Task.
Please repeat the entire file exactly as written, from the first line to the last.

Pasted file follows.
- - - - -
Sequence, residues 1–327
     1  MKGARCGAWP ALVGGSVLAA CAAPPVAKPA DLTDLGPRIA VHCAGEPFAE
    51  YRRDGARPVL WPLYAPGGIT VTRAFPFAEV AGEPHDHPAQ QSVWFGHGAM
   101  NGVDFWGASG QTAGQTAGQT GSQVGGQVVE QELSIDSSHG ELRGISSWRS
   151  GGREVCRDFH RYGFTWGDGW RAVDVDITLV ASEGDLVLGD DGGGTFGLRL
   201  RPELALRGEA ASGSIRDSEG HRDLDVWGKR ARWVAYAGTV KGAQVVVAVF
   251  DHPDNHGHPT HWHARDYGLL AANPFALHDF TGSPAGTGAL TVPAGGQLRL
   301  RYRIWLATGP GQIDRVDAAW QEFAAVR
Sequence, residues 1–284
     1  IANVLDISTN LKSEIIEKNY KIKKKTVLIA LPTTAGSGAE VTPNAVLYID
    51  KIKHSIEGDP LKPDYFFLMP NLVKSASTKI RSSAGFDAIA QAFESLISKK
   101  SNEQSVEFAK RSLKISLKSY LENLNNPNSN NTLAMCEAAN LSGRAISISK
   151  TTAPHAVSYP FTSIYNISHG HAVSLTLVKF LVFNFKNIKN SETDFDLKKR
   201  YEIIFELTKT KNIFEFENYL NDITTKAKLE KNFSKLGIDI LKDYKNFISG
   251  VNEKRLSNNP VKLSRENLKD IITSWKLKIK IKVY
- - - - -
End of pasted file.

Sequence, residues 1–327
     1  MKGARCGAWP ALVGGSVLAA CAAPPVAKPA DLTDLGPRIA VHCAGEPFAE
    51  YRRDGARPVL WPLYAPGGIT VTRAFPFAEV AGEPHDHPAQ QSVWFGHGAM
   101  NGVDFWGASG QTAGQTAGQT GSQVGGQVVE QELSIDSSHG ELRGISSWRS
   151  GGREVCRDFH RYGFTWGDGW RAVDVDITLV ASEGDLVLGD DGGGTFGLRL
   201  RPELALRGEA ASGSIRDSEG HRDLDVWGKR ARWVAYAGTV KGAQVVVAVF
   251  DHPDNHGHPT HWHARDYGLL AANPFALHDF TGSPAGTGAL TVPAGGQLRL
   301  RYRIWLATGP GQIDRVDAAW QEFAAVR
Sequence, residues 1–284
     1  IANVLDISTN LKSEIIEKNY KIKKKTVLIA LPTTAGSGAE VTPNAVLYID
    51  KIKHSIEGDP LKPDYFFLMP NLVKSASTKI RSSAGFDAIA QAFESLISKK
   101  SNEQSVEFAK RSLKISLKSY LENLNNPNSN NTLAMCEAAN LSGRAISISK
   151  TTAPHAVSYP FTSIYNISHG HAVSLTLVKF LVFNFKNIKN SETDFDLKKR
   201  YEIIFELTKT KNIFEFENYL NDITTKAKLE KNFSKLGIDI LKDYKNFISG
   251  VNEKRLSNNP VKLSRENLKD IITSWKLKIK IKVY